The Pennsylvania Liquor Control Board said groceries and convenience stores could have offered beer decades ago.

"The market changed. The law has not," said Nick Hays, a spokesman for the PLCB."The Pennsylvania liquor code does not address whether supermarkets may or may not sell alcohol. It doesn't permit them; it doesn't not permit them."
Hays is right: it's the code. Which, Representative Goodman's limited knowledge -- or deliberate obfuscation -- to the contrary, is something that has to be changed by the Legislature.

There's no need to bury it in a committee for thinking it out thoroughly, either (like they did with that "sixpack law" we were supposed to get two years ago). We've thought it out thoroughly, time and time again, and then nothing gets done. Which has nothing to do with the "thought out thoroughly" part, except the bits that deal with the political calculus. Your legislators want to please you, but mostly they don't want to piss off industry groups like the tavern owners or the beer wholesalers. The whole purpose of this blog is to change that equation.
Readers...if you're an interested citizen, write your legislator. It's easy, go do it (type your ZIP code in the box, and you'll get e-mail contact to Da Gov and your state legislators). If you're a reporter, please, please, please, take my ideas, take my passion, steal it with no attribution, but use it. Hammer at this ridiculous system, at the convoluted crap of The Almighty Liquor Code, at the entrenched stalinist edifice of the State Store System, at the arrogant monopolist attitude of Joe "CEO" Conti, at the wasteful and questionable spending on the Courtesy Contract and the Great Table Leaf Re-Branding.
Because the time is as ripe as it has ever been. Yuengling COO Dave Casinelli nailed it recently: "Ultimately, the consumers will speak," he said. "There's a groundswell out there. Both sides are kind of a stand-off right now." Damn straight. Why should Washington have all the fun?

Wednesday, December 9, 2009

First courtesy training, now this

The PLCB, fresh from blowing millions of your tax dollars out of their butts* with the Courtesy Contract and the Great Table Leaf Re-Branding, is now going to spend even more PA police officers how to use Facebook.

It's not that simple -- it never is -- but it's close. As you probably know, underaged drinkers are often dumb enough to post their drunking (intentional misspelling) pix on social networking sites. Hell, everyone knows it, and has known it, as this story about it from 2006 shows. The Bensalem PD is already using it for their own horny purposes. But that's not going to stop the PLCB from spending more bux to jump on this.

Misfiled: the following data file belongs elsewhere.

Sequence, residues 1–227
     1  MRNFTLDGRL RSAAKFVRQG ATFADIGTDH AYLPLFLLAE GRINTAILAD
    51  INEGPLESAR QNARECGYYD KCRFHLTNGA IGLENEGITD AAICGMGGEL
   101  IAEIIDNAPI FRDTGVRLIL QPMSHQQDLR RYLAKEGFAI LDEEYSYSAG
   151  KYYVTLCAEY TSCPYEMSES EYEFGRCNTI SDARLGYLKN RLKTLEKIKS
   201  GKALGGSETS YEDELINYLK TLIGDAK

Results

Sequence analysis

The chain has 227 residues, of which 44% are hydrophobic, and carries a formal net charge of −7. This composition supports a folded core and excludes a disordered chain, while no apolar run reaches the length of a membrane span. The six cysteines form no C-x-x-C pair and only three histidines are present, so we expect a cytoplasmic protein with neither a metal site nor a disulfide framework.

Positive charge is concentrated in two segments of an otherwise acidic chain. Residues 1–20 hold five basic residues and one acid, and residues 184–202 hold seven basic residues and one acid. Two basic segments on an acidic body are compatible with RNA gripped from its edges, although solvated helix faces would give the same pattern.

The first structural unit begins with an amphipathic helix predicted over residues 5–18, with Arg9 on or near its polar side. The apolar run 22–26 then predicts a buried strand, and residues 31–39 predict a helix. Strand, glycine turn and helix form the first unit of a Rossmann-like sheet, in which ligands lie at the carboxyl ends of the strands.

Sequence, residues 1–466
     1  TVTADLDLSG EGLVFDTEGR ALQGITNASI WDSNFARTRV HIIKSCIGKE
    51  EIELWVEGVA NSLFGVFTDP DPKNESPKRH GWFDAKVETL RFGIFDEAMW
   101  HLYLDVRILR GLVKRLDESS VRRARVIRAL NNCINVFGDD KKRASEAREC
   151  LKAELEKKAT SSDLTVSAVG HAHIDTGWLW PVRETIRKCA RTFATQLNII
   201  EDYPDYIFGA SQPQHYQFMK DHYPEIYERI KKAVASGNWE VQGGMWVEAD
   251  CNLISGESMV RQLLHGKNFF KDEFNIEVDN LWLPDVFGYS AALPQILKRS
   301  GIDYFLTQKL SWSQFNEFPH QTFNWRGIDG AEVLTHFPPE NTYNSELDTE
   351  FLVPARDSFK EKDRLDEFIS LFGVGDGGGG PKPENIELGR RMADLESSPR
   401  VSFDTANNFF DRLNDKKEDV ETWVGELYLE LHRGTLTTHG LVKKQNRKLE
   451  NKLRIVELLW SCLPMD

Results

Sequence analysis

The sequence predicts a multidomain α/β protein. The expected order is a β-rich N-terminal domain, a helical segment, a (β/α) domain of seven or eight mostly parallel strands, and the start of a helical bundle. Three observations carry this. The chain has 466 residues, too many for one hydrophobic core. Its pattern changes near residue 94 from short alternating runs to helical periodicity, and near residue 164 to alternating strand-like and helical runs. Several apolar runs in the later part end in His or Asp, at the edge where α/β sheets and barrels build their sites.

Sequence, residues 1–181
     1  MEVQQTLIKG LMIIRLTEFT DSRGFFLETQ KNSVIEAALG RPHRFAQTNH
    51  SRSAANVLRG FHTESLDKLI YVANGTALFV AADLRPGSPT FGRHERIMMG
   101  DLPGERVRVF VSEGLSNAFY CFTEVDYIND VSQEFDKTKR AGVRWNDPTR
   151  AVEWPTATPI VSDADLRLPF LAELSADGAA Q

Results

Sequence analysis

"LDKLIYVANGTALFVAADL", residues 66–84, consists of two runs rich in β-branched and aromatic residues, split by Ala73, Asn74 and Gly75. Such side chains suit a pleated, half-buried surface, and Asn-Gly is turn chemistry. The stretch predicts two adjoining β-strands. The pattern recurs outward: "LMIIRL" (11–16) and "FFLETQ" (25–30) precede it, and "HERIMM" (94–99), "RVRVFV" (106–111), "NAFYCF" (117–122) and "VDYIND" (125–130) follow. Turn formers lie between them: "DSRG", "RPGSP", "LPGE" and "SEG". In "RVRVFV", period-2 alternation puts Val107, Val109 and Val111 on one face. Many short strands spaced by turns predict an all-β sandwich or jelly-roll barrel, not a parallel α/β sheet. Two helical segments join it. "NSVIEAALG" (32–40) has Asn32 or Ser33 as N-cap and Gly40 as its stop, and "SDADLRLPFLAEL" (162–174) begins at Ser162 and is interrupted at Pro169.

Here's the syllabus for the 8 hour course:
According to Leslie Coombe, director of the Liquor Control Board's Bureau of Alcohol Education, the Navigating Cyberspace training will cover:

•Social networking sites and how young people use them;
•What distinguishes social networking sites from one another;
•How to navigate social networking sites; and
•How to develop information from social networking sites into evidence.
So that would be:
  • Facebook, MySpace, craigslist, Twitter -- Farmville; pix of chix and crappy music; all beer u can drunkk $5 dude; LOL RT LOL!
  • Your mom's on FB too, MySpace looks like a cat threw it up, craigslist is about the bux, Twitter s shrt lol.
  • Create a false identity. Login. Start friending/following like mad; lie when necessary. Click on links. Txt. Google site for "beers" "crunk" and "funnel". Call it a day, go get a beer.
  • Lie to some kid about who you are, get an invite to a party. Show up with the squad, arrest all the kids you can catch, bust the owners of the house, too.
  • And one more thing: Entrapment Is Something That Happens to Other Cops.
Hey, officer, just kidding about that last one, really. But I'd love to see what the folks at the Chambersburg Public Opinion would have done with this one. We're sending police officers to school for a day to learn how to Facebook? Are you kidding? My mechanic told me his small-town PD has a cyber-enforcement unit. Cops are up to speed already, and if they aren't, a one-day course ain't gonna do it. God, this reminds me of the narc convention in Fear & Loathing in Las Vegas.

I did say it wasn't quite as simple as the others, and here's another reason. The money comes from a grant...from the National Alcohol Beverage Control Association, the "business association" of control states' liquor monopolies. Where does their money come from? To tell the truth, I don't know (I do now; see below). Google has, for now, failed me. But I do have a call in to them, asking that very question, and I'm hoping for an answer (because I'm writing a piece about this, too). But if NABCA is funded by the control states' booze agencies...guess what that means? Give you a hint: those aren't monkeys flying out of your butt.